How to Use Grass Clippings In the Garden

A well-maintained lawn looks great, but it also leaves behind yard waste. That said, there’s so much more you can do with grass clippings than just clearing them from the yard and dropping them in the garbage.

Using grass clippings in your garden can make it healthier and repurposes your yard’s waste in an eco-friendly way. It can improve your soil, provide moisture retention, and gradually decompose to become plant food where your plants need it most.

So let’s discuss the leftovers from your weekend mowing and how best to put those to use for you! You’ll never need to load up that plastic recycle bin with grass again.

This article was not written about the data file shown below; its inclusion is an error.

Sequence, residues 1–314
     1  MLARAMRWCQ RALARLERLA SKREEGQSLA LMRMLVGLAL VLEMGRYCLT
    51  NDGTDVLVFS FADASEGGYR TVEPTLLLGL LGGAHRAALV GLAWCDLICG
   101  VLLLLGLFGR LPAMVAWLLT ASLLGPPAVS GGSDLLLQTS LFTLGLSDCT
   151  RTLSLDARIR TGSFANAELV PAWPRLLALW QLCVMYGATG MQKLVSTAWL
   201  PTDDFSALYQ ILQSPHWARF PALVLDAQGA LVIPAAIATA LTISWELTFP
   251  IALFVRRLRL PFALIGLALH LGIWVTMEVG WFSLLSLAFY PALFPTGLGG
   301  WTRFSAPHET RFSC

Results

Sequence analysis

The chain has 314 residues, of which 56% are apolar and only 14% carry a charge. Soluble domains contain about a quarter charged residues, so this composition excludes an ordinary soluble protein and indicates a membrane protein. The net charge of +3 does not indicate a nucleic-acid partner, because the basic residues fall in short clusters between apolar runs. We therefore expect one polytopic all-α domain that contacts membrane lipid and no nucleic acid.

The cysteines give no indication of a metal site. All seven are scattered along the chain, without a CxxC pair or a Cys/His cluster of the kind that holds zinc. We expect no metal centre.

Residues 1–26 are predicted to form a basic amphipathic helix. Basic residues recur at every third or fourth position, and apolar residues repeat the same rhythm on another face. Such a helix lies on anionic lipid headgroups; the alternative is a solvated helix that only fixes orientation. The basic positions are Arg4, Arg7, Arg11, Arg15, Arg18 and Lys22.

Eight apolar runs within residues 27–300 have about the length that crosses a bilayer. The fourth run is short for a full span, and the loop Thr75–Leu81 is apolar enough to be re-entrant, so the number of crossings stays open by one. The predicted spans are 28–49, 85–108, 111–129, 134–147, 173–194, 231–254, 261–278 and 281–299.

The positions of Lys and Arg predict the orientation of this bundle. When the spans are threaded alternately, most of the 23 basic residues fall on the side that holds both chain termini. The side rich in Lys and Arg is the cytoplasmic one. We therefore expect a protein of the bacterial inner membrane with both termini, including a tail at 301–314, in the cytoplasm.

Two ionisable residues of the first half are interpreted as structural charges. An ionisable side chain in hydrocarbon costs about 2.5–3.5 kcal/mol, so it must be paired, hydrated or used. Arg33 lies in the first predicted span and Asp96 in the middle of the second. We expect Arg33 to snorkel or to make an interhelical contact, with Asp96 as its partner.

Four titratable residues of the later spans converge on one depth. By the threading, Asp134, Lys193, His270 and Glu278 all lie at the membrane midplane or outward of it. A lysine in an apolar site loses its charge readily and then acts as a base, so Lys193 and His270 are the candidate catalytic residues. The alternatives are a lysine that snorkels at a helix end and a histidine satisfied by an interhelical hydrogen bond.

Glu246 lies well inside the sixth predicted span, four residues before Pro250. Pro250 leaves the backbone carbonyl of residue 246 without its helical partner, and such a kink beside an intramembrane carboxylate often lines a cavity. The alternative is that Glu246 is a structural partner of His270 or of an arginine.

Useful Products For Composting Grass:

About Grass Clippings

Grass clippings
Don’t throw away your grass clippings. Instead, repurpose them. Source: ah_blake

Grass clippings can be used in gardens in several ways. They provide the soil with nutrients, prevent weed growth, and preserve moisture. They contain 4% nitrogen, 2% potassium, and 1% phosphorus along with small amounts of other plant nutrients. When decomposed, grass clippings also serve as a food source for microbial life in the soil. 

Why Reuse Grass Clippings

Grass clippings are simply too valuable to go to waste! Leaving clippings on the lawn after you mow allows them to decompose in place, usually within a few weeks. Even if you want to rake them, you can add them to a compost bin or use them in other ways.

Here a few of the most important reasons you should reuse your grass clippings.

It Saves Time

Lawn mowing will become much more convenient and fast. You won’t have to use the mower bag when you mow, which means less time spent emptying it. Mowing the lawn becomes simpler, easier, and doesn’t require as much time.

You’ll Produce Less Waste